Class action culture in Europe has never been as fervent as in the US. As a recent JAMS International blog on weather-related insurance claims observed, collective redress has focused mainly on liability issues, like the mis-selling of PPI policies. But are things about to change?
Recent reforms in Europe are finally promising to bring collective action towards the mainstream. In March, Belgium passed a bill – Title II “class actions” in Book XVII of the new Belgian Code of Economic Law – to allow consumers to file a group claim for breach of contract. In the same month, the French Consumer Law N° 2014-344 was enacted, paving the way for class actions in competition complaints.
The European Parliament, meanwhile, is encouraging more collective redress after it recently approved a proposal for a Directive to “help citizens and companies claim damages if they are victims of infringements of the EU antitrust rules, such as cartels and abuses of dominant market positions”. One of the changes is to make consensual settlements between victims and infringing companies easier by clarifying their interplay with court actions.
Suzanne Rab, an EU and competition barrister at Serle Court, says – in the case of the new European Directive – it is focused on making it easier to bring private litigation against cartels in the national courts, covering issues such as disclosure, legal standing and the timeframe to bring a claim, rather than being focused on class actions specifically.
“Even so, the rationale is still to encourage more private enforcement against cartels, whether individual or collective actions,” she adds.
The raft of recent proposals have reignited interest in collective actions in Europe. Experience in the US of class actions shows that most cases prefer to settle before they reach the courts, so any uptick in European class actions may present a potential boost when it comes to encouraging more mediation.
Mediators, however, acknowledge that there are still hurdles to overcome. The scope of both new pieces of national legislation, for instance, is relatively specific; neither allow carte blanche class actions across the board so the initial wave of claims will be limited. In France, claims can only be launched by accredited consumer rights organisations; Belgium allows consumer rights organisations as well as organisations not pursuing economic profit and autonomous public services to file claims.
Neither of the national new bills make the provision for the US-style “opt out” model, where possible class members are provided with notices and have to “opt out” of the action (the UK announced in 2013 it was to introduce the “opt out” regime in Competition Appeal Tribunal matters), which may also limit interest.
“The new [Belgian] bill provides a lot of potential for mediation although there are factors that will affect any possible cases,” explains Patrick Van Leynseele, a partner and mediator at Dal & Veldekens in Brussels. “The Belgian model proposals, for instance, suggest an “opt-in” system, which means classes are unlikely to get as large as they would in the US or other places with an “opt-out” policy. There are also no punitive damages in Belgium and the courts will likely take a strict approach to class actions.”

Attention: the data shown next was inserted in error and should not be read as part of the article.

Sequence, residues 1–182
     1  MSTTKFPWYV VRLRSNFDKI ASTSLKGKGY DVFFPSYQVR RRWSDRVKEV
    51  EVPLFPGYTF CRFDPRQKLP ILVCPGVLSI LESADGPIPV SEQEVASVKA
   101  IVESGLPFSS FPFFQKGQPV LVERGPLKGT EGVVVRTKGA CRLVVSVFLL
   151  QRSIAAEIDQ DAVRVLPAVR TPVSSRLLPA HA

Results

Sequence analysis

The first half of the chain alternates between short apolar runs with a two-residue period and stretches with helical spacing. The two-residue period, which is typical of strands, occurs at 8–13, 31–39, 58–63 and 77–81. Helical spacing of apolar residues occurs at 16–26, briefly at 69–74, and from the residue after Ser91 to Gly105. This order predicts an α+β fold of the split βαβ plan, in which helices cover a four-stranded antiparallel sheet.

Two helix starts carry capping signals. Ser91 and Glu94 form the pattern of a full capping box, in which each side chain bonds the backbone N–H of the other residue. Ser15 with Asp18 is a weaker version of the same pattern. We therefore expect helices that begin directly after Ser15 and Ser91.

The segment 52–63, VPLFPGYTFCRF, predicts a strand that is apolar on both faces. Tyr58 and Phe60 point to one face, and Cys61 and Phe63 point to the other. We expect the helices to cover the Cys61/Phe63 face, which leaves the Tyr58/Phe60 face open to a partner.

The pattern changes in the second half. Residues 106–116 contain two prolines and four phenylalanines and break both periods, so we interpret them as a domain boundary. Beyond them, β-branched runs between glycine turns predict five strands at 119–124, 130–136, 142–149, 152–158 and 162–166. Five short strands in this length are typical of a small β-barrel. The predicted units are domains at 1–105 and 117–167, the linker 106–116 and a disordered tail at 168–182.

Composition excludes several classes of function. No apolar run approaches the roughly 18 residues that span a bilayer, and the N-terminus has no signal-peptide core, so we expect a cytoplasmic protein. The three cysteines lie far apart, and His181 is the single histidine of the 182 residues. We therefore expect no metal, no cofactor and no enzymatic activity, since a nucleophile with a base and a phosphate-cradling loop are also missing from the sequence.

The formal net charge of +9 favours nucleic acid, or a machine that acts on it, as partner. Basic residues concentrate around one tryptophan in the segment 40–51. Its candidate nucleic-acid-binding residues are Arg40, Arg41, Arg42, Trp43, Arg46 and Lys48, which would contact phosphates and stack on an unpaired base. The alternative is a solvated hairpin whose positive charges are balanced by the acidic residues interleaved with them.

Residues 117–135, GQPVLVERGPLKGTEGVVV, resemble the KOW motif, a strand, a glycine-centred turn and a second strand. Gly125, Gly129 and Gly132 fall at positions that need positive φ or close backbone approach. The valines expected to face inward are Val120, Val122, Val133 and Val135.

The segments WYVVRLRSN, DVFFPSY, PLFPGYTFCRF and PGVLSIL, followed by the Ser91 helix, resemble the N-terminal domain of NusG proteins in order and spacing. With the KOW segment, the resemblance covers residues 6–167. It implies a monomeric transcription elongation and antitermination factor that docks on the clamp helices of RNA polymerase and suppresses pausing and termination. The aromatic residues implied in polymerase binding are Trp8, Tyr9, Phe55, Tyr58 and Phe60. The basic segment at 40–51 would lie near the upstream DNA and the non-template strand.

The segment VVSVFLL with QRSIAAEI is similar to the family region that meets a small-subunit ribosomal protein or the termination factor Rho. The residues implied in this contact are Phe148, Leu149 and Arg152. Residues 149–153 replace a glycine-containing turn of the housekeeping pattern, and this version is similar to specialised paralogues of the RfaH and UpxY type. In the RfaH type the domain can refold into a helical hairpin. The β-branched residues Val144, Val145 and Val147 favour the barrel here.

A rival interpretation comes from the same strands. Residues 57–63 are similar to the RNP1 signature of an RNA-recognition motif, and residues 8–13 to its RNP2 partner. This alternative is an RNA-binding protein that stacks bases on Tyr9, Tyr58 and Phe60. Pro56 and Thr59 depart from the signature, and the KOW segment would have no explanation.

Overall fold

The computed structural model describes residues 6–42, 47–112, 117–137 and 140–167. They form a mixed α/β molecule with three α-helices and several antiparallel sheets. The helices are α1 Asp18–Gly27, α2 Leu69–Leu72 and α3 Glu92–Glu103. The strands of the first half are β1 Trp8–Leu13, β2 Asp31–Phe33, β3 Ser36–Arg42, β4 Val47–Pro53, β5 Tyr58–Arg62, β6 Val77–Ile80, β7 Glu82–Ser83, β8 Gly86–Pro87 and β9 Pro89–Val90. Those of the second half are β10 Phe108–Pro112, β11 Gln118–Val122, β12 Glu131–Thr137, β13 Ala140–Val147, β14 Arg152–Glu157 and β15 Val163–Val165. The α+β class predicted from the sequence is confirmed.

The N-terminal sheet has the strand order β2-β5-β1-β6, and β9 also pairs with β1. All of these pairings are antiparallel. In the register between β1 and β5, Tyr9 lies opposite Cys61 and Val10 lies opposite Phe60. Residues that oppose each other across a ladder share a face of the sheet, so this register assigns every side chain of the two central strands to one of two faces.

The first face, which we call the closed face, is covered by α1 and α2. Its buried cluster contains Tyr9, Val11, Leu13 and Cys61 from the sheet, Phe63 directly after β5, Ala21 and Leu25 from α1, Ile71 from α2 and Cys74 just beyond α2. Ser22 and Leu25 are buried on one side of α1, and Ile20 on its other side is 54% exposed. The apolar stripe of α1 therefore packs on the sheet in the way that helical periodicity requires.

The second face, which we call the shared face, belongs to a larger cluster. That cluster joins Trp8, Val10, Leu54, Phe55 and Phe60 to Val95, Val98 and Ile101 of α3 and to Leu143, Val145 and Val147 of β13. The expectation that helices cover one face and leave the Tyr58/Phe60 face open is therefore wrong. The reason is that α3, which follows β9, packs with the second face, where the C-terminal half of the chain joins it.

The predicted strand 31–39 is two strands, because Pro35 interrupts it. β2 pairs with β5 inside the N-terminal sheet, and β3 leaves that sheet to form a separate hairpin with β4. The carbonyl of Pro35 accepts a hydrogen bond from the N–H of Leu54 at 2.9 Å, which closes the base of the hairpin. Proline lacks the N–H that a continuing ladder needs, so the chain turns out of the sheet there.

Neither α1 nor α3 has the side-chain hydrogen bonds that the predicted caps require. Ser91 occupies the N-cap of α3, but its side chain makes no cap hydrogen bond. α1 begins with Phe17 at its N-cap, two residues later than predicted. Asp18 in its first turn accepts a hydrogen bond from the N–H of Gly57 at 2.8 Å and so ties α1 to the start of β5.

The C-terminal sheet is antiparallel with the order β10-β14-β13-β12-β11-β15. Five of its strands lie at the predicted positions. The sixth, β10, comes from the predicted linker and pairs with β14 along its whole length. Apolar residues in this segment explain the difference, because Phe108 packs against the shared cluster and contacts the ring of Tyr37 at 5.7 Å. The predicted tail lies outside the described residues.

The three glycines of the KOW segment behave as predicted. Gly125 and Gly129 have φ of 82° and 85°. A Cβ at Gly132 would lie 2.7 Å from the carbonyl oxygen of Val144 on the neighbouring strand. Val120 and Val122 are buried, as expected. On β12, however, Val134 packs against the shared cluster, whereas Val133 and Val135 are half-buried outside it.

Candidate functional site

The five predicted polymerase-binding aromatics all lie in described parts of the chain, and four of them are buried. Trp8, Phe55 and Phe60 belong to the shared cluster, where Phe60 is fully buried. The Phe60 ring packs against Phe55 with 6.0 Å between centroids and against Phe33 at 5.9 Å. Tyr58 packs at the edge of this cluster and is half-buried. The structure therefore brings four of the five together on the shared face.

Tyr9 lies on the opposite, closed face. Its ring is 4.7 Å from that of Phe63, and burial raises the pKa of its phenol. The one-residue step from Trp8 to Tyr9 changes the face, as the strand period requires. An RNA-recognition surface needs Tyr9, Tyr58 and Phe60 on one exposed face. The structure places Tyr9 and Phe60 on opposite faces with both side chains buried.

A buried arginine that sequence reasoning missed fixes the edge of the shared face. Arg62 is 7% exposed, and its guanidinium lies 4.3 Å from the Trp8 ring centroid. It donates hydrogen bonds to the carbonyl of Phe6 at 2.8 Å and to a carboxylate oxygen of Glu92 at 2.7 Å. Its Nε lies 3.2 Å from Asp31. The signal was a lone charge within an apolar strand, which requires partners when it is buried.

As such, the feeling is that opportunities for law firms and mediators may be limited, at least in the early stages: “Consumer groups are not always keen on hiring legal counsel and are often well-equipped to handle negotiations themselves, so prefer to avoid going to court,” Van Leynseele adds.
Even so, experts believe there is the chance that an increase in class actions may well make early settlements and mediation more attractive. After all, any attempts to inspire more collective redress, even if it is initially in consumer and competition cases, may well help to develop the culture and bypass the perceived problems.
Rab highlights the widespread lack of certain legal mechanisms across Europe, such as treble damages and contingency fees as well as many member states’ civil law systems, which will likely limit the appetite for EU competition-related class actions on a par with the experience in the US.
“That said, follow-on antitrust litigation is gathering momentum in the EU and the American claimants bar has been increasing its interest in Europe recently,” she continues. “Many antitrust actions settle before they get to court so there is certainly scope for alternatives to litigation.”
Indeed, JAMS has decades of experience in the US in resolving large, complex disputes such as class actions and mass torts in the US, including in antitrust and consumer actions, to underscore just how important a mechanism mediation can be. European class actions may be in their infancy but experts believe that as attitudes change and the system evolves so too will the approach towards mediation as a viable solution.
“If negotiations with a defendant fail then there will certainly be room for mediation,” Van Leynseele summarises of the new Belgian law. “The biggest challenge, however, remains that mediation has yet to be fully embraced in Belgium and a lot more work needs to be done to encourage the process.”
This post was written by Antony Collins who is a freelance journalist. He can be contacted at firstname.lastname@example.org